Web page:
(Bloomberg) -- It’s been a tough week for some Chinese tech stocks, but foreign investors still can’t get enough of Hangzhou Hikvision Digital Technology Co., betting it will thrive as China invests in mass surveillance.
Some 29 million Hikvision shares were bought on a net basis via the Hong Kong-Shenzhen trading link this week through Thursday, even as a U.S. ban on ZTE Corp. rattled the market. Investors using the Shenzhen trading link own 11 percent of the surveillance camera maker’s outstanding shares, more than any other company and up from less than 5 percent a year ago, Hong Kong exchange data show.
Demand from offshore hasn’t prevented Hikvision’s shares from tumbling 6 percent this week, reflecting a divergence in views with mainland investors. The bulk of the drop happened Tuesday, after the U.S. move on ZTE, in which trading has been suspended in Hong Kong and Shenzhen for the past four days. China International Capital Corp. said the sell-off following the ZTE news was an overreation as Hikvision has limited reliance on U.S. components.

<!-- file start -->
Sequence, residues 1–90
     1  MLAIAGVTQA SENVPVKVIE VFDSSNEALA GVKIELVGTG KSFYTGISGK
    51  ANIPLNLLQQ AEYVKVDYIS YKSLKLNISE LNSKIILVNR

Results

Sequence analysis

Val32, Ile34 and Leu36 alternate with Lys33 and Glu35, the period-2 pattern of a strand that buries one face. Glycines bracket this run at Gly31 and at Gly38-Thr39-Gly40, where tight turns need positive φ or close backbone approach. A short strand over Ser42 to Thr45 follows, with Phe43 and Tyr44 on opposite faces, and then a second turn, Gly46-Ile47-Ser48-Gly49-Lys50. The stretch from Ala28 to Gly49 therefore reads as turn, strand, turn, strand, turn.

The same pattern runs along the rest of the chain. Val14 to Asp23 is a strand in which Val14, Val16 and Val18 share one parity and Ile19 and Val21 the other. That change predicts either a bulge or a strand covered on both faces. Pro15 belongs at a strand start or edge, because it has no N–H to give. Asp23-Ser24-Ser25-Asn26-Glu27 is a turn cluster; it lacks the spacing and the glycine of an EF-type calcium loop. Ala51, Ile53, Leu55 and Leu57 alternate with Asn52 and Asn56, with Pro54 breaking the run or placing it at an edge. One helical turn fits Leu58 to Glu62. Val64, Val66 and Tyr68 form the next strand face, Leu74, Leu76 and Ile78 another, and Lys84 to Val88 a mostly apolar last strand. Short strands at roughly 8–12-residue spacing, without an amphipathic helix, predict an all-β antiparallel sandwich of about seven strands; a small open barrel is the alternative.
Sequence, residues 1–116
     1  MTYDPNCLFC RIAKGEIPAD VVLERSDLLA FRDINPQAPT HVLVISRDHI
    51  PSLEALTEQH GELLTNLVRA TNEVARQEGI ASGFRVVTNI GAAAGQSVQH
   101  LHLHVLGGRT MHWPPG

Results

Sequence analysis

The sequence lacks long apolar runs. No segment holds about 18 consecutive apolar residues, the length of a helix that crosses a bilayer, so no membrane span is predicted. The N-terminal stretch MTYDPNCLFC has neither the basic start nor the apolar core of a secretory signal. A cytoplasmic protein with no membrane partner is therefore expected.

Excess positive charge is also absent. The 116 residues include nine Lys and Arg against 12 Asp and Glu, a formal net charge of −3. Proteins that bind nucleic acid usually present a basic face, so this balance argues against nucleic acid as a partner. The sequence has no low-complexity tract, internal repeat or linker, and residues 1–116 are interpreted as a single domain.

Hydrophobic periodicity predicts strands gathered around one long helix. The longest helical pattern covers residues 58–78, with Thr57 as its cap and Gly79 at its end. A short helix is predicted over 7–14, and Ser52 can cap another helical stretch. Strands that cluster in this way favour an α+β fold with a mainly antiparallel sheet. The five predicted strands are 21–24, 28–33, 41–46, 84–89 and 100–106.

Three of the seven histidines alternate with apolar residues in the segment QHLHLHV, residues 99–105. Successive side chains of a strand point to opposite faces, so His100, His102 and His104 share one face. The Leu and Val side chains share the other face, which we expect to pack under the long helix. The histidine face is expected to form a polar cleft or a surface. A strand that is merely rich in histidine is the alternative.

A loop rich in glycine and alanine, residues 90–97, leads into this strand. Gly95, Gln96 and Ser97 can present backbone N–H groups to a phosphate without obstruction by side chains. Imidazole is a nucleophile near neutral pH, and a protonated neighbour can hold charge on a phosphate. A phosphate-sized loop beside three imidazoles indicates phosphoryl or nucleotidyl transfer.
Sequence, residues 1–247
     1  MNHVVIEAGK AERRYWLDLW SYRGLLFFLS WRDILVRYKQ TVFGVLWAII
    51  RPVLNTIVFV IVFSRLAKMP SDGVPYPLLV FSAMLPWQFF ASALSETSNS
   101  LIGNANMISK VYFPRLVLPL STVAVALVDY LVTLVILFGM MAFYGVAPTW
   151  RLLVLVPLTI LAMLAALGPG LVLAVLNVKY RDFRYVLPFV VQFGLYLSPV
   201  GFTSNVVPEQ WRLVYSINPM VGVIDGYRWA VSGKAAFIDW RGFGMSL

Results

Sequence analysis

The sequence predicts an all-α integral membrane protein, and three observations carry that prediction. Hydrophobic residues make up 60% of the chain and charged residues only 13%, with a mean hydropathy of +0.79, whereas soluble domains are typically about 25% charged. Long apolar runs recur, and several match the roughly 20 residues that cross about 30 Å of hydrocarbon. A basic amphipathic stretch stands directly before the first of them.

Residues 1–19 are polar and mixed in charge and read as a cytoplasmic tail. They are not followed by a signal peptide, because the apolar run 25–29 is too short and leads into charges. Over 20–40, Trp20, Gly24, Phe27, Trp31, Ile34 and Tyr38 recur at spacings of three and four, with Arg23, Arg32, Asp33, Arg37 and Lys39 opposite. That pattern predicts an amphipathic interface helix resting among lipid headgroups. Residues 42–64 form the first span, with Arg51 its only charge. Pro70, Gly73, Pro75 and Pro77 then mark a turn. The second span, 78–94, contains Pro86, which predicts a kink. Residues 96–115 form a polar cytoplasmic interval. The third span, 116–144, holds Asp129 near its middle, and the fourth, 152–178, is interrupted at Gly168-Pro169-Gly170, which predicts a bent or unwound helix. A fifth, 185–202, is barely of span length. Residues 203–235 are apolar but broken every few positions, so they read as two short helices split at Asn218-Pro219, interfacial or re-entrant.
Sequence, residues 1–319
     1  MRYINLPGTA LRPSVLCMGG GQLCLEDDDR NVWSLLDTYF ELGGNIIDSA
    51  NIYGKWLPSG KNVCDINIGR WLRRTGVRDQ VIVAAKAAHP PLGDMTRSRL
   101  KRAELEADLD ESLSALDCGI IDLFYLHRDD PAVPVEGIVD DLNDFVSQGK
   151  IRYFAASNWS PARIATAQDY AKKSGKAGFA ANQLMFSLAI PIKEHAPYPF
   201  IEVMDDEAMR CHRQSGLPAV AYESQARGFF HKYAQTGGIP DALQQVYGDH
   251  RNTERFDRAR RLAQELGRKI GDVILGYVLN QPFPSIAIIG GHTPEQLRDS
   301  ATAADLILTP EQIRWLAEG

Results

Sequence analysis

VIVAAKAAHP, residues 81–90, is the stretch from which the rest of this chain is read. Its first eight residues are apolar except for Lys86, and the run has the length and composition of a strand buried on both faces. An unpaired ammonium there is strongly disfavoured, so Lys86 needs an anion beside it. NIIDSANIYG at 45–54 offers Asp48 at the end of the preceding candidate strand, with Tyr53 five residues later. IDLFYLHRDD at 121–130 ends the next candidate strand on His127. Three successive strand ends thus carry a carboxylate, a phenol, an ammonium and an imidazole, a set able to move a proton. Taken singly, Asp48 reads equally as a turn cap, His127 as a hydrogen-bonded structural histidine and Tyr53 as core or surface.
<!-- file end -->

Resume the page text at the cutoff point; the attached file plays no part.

The domestic market remains the key driver, even as Hikvision expands globally -- 29 percent of its revenue came from overseas in 2016. The company is well placed to outperform as China plans to add 400 million surveillance cameras through 2020, according to Morgan Stanley.
Hikvision’s shares have more than doubled since December 2016, when the Shenzhen stock connect link opened, allowing foreign investors to directly buy shares listed in the southern Chinese city via Hong Kong.
©2018 Bloomberg L.P.
With assistance from Kana Nishizawa, Steven Yang